ON SCHOOL LEADERSHIP 

Anne-Marie Kee is not at all new to independent education. She served as executive director of Canadian Accredited Independent Schools (CAIS) for more than a decade. She’s been a teacher, the dean of studies, and the chair of the integrated technology implementation program at Lower Canada College in Montreal, Québec. And those are just the highlights. In all, it’s safe to say that there’s no one in the country who has as much first-hand experience and insight into independent education. And her commitment to LCS is a deep one—even before she joined the school herself, she had enrolled her children here.

“She has a charisma with students,” says Heather Avery, former director of guidance and learning, of Kee. “That’s going to be very, very good for the school. It makes everybody’s work easier when the students really like the head, and they feel she gets them,” adds science teacher Mike Arsenault. “And she listens.” That sounds like a simple thing, perhaps, but it isn’t. If there’s one skill that defines an effective leader, that’s it. When asked what she aspired to be in the eyes of students, Kee answers: “Someone who asks good questions.”

Professional development is ongoing, including online and in-person courses from Harvard’s graduate education program, among other courses and resources. The teaching culture is one of reflective practice, looking into one another’s classrooms and meeting both formally and informally to share ideas and trade best practices. There are school-wide initiatives that are offered to all the faculty, and instructors are tasked to apply for development programs. The Associate Faculty role invites recent graduates from teacher’s college to apply to both teach and assist with residential duties in the houses. The mentorships that develop further underscore that culture of reflective practice.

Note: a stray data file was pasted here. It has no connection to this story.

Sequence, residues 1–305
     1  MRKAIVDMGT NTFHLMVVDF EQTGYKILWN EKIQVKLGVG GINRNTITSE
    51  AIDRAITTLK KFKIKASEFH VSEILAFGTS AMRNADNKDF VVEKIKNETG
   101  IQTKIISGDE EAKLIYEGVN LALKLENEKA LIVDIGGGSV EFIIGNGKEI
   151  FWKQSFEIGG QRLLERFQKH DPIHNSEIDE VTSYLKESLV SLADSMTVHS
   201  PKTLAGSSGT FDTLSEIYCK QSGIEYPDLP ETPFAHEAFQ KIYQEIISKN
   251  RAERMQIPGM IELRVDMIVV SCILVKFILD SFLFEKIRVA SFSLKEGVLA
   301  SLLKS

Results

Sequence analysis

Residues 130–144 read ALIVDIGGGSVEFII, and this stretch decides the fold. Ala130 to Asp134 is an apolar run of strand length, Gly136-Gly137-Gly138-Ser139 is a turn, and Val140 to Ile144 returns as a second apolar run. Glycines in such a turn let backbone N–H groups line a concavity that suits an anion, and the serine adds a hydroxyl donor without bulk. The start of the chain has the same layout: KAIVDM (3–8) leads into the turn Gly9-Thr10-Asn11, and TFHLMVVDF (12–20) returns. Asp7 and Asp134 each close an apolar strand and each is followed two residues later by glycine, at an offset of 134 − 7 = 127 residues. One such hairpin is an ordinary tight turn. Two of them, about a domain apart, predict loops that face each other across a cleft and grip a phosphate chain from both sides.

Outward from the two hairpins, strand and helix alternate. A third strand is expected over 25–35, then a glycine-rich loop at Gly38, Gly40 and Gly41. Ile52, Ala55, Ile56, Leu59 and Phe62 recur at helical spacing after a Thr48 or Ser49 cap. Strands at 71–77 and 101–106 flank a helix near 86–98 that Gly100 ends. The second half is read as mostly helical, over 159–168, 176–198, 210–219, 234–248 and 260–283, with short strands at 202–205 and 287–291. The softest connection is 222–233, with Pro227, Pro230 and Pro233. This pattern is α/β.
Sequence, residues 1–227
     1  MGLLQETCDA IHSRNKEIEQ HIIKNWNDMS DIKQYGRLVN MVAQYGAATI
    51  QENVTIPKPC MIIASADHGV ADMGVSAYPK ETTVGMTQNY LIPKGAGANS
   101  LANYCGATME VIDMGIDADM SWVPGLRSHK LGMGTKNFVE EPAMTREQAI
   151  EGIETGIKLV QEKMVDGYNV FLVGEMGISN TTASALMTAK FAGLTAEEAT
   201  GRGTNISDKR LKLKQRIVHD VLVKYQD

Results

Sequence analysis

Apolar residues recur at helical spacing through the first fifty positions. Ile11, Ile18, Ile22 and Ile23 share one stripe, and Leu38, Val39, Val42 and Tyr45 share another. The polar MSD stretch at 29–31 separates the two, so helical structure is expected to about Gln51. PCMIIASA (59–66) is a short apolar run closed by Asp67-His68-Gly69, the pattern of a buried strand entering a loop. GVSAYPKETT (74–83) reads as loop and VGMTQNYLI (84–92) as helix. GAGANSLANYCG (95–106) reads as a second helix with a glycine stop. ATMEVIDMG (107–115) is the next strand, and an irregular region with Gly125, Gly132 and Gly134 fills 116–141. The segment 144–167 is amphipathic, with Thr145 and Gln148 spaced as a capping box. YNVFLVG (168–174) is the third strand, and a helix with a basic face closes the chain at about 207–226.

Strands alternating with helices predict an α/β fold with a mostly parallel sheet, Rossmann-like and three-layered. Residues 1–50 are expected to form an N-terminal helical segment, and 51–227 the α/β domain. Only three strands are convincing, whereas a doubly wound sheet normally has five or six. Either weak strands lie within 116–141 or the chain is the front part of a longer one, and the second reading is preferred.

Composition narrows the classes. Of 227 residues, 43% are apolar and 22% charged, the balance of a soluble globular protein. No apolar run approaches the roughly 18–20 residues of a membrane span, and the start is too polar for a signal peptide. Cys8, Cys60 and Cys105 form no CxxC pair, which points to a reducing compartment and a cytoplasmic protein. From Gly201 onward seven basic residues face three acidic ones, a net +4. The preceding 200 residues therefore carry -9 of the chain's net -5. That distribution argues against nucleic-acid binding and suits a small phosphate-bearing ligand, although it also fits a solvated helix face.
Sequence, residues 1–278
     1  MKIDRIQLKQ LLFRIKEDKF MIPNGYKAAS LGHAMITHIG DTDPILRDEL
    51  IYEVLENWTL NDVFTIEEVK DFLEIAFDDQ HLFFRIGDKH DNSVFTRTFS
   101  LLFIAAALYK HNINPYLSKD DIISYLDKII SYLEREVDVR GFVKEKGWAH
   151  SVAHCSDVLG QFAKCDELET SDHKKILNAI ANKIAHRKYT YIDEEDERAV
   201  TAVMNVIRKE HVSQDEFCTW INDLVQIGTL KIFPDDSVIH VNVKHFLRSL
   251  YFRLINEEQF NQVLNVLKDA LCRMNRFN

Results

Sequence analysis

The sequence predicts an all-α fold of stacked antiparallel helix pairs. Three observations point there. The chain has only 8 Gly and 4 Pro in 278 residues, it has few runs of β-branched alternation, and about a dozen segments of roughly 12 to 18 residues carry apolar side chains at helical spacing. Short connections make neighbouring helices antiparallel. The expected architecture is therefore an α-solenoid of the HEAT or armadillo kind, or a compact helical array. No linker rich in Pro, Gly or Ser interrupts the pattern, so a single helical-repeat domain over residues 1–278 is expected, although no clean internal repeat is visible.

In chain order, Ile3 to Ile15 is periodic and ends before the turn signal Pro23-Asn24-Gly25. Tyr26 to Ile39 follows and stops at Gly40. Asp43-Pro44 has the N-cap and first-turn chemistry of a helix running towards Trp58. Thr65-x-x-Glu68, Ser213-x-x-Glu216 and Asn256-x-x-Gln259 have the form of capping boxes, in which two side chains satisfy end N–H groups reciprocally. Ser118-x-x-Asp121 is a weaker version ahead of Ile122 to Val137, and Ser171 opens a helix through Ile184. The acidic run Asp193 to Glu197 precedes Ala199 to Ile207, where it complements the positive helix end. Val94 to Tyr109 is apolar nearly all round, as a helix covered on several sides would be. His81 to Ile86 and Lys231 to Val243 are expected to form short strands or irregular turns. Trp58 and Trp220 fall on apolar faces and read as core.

ON THE STUDENT COMMUNITY 

No school is for everyone, but it’s difficult to imagine the kinds of students that would have a hard time finding a place here. It’s challenging, welcoming, and supportive in equal measures. We spoke with a student who came from Bancroft (about an hour away) and another who came from Bequia (an island in the Grenadines). The latter had never seen snow before; the former has probably seen enough for a lifetime. And both are happy, contented, and thriving. In that, and so many ways, the diversity of the student body is a model for other schools, as is the robust program of financial aid created in the service of building that diversity. Life on campus is active, to be sure, but not onerous—all the activity seems to come with equal helpings of welcome challenge, spirit, and fun.

ON OUTDOOR EDUCATION 

LCS has long been a leader in outdoor education, due in no small part to the physical assets of the campus. “A lot of other schools have what they call outdoor education,” says Peter Andras, Program Area Leader for Outdoor Education and OE teacher for the past 16 years. “[At other schools,] students are bused up to a camp, they spend two or three days, and it’s only done in one instance, or a couple instances, throughout the year. Whereas, at Lakefield, we can integrate it into everything that we do. We have all the canoes, all the climbing equipment. We do it all right here, right on site.”

ON THE ACADEMIC ENVIRONMENT